When Nadav Weinberg, a soldier who had served with the Israeli Defense Forces, spoke at Arizona State University last week, the room was filled with protesters. Rather than disrupt his speech, which is often the tactic taken at such events, the demonstrators found a much more powerful way to voice their dissent: silence.
After taking their seats, the demonstrators took off their jackets to reveal red t-shirts with signs bearing the names, ages and dates that civilians were killed by Israeli troops. They then took red tape and covered their mouths with it.
Folks in the back of the room held a sign that read: “Giving Voice to Civilians Silenced by IDF Policy.” (I like the emphasis on policy rather than on the individuals within the military, which I think is always an important distinction for nonviolent activists to make.)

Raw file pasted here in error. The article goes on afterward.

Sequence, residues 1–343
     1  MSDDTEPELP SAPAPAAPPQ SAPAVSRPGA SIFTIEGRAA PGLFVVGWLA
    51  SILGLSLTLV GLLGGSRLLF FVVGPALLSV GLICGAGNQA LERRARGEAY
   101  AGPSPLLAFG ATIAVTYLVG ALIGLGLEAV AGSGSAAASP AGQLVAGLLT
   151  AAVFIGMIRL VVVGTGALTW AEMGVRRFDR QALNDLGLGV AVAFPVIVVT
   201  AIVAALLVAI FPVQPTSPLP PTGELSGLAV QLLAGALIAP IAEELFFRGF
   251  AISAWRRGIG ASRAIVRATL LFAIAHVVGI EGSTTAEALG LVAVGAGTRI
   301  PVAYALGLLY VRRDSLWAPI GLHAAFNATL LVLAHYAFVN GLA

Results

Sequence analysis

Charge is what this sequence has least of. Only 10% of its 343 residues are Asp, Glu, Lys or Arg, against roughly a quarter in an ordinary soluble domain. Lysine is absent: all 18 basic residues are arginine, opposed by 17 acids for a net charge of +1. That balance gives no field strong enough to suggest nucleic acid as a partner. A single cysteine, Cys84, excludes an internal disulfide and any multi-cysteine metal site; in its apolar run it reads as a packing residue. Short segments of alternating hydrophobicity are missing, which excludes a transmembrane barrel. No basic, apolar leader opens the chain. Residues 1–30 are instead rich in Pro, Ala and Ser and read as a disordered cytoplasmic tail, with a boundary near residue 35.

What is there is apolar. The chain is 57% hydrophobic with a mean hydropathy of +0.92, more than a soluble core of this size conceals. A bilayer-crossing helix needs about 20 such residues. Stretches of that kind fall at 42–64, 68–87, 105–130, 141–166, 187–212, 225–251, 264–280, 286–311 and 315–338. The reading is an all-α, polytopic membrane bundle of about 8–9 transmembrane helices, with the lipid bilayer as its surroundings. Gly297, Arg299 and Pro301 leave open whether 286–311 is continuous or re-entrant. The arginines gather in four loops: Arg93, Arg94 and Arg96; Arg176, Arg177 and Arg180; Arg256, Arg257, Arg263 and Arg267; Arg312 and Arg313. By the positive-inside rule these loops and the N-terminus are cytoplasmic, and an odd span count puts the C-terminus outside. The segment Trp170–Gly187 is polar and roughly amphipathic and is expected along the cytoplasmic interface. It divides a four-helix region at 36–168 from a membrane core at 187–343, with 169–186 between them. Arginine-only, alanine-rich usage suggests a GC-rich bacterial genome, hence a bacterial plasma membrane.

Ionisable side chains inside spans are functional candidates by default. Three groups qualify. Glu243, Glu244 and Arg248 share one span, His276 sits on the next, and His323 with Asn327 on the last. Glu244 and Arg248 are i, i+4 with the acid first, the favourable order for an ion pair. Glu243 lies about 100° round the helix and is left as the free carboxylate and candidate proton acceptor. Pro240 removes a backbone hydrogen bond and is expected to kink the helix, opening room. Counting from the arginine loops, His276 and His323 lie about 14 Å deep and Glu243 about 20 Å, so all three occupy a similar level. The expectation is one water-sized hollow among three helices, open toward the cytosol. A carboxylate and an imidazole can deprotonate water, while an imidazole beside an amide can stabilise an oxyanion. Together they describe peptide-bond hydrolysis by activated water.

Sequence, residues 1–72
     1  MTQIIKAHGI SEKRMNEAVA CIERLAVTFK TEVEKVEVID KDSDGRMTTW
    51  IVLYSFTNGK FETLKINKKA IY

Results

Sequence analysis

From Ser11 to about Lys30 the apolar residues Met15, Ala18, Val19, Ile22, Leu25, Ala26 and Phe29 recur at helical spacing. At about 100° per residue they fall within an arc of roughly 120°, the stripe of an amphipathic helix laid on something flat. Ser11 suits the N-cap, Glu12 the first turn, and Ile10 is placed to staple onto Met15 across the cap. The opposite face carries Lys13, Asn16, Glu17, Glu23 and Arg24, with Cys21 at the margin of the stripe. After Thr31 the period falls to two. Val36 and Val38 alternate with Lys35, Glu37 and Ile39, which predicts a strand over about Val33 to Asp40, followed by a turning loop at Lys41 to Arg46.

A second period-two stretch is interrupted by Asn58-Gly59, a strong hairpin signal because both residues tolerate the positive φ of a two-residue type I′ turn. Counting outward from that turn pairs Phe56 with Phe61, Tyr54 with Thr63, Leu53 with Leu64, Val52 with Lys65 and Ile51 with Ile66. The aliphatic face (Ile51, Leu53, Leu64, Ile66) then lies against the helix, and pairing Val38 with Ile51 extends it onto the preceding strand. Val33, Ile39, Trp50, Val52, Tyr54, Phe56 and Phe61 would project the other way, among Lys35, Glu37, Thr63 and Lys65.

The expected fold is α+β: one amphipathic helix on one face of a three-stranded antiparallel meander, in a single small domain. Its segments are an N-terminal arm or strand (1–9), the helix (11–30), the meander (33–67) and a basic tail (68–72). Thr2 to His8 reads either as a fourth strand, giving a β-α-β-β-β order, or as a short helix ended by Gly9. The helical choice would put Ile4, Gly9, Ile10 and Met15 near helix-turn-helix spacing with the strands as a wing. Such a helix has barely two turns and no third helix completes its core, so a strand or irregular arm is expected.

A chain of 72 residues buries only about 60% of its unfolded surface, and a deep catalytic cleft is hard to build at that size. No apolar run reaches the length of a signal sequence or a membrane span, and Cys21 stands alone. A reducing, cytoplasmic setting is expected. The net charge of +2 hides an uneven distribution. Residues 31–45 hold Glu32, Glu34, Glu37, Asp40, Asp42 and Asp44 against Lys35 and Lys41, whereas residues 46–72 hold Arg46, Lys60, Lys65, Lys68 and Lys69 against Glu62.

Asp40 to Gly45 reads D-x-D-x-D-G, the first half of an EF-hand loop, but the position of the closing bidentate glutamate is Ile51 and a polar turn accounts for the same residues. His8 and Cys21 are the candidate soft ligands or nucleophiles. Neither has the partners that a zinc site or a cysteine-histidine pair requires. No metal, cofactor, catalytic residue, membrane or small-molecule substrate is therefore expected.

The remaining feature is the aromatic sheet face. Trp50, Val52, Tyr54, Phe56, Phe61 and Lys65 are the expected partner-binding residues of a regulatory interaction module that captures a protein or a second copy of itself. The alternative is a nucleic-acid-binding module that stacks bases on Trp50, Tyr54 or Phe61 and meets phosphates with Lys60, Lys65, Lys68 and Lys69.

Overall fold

Part way through Weinberg’s speech, the group proceeded to stand up and slowly walk out of the room, leaving it close to empty.
A similar action took place at the University of Michigan recently, which is a hopeful sign that IDF soldiers will not be able to share their viewpoints on American campuses uncontested. (h/t Mondoweiss)
In “Reckonings,” producer Stephanie Lepp explores how people change, asking listeners to examine their own assumptions about how far they can stretch their empathy.
Recent criticisms calling the founder of nonviolent theory a Cold Warrior are way off the mark. To rightly evaluate him, we need to understand the role he chose for himself.
A six-week strike by teachers has bolstered a movement against proposed austerity measures targeting Lebanon’s dangerously underfunded education system.